Jones got his start playing along with the slightly older Ray Charles in the jazz clubs of what is now known as the Pioneer Square district of Seattle, Washington. He got his first break as a trumpeter for the Lionel Hampton Orchestra in 1951. Throughout the 1950s, he became a skilled arranger and led many small bands.
In 1957, he began a career as a record producer at Barclay Records in Paris, France where he also performed at the famous Paris Olympia.
In 1960, he was hired by Mercury Records as the first black vice president of a major record label. When jazz became less popular, he was asked to produce some pop singles; his first was the hit It's My Party by Leslie Gore.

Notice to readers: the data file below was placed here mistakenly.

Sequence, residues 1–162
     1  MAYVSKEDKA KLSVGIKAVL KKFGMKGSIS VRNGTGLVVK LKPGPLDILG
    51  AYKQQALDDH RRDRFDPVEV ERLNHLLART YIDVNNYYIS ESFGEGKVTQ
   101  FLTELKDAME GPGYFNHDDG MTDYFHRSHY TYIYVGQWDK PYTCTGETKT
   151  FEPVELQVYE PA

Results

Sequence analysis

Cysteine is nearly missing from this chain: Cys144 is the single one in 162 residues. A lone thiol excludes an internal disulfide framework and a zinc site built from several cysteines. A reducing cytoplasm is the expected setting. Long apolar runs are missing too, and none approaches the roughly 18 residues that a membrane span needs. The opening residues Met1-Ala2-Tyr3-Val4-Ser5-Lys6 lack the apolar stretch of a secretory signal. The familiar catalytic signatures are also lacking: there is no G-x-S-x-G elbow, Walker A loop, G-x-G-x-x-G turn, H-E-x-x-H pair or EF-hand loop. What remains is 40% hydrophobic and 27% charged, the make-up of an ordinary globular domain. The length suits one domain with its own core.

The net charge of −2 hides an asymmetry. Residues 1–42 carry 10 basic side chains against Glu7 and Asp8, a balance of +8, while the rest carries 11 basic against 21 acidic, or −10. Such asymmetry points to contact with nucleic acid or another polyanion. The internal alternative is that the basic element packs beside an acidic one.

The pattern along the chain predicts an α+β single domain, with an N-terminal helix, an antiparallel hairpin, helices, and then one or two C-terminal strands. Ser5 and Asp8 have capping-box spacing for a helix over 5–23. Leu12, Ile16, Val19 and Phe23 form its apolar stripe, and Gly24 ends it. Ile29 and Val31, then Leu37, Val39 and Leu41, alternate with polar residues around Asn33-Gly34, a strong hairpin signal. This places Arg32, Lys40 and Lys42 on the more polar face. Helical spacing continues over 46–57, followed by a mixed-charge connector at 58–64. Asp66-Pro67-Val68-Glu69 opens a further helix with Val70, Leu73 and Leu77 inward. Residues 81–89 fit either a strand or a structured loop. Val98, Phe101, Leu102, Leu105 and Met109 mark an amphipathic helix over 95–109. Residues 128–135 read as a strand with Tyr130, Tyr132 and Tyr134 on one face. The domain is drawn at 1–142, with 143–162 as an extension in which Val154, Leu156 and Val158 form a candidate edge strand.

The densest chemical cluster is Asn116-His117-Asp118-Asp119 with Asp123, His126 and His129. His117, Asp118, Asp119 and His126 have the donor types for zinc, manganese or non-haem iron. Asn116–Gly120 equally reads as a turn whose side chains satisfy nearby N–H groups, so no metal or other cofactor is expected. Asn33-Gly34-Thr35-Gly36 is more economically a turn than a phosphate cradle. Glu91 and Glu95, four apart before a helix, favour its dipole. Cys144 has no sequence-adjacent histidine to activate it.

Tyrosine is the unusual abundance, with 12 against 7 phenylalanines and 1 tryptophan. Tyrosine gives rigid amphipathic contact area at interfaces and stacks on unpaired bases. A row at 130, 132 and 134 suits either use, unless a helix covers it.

In 1962 he wrote Soul Bossa Nova, a tune which became famous decades later as the "Austin Powers Theme".
He moved to Los Angeles in the mid-1960s where he began writing film scores. Jones scored many films, including In Cold Blood, "The Pawnbroker", "In the Eyes of Love", and "Mirage".
He has also composed several television theme songs, for shows such as Ironside (which featured the early use of a synthesizer), and Sanford and Son.
In 1969, he recorded Walking In Space, an early Jazz fusion record.
During the 1970s Quincy began producing more pop and less jazz. This drew criticism that he was selling out.
In 1971, he composed the theme to the NBC Wednesday Mystery Movie.
In 1977, Sidney Lumet asked Jones to score The Wiz, an updated Wizard of Oz. It was there that he met Michael Jackson and they soon agreed that Jones would produce Jackson's solo albums.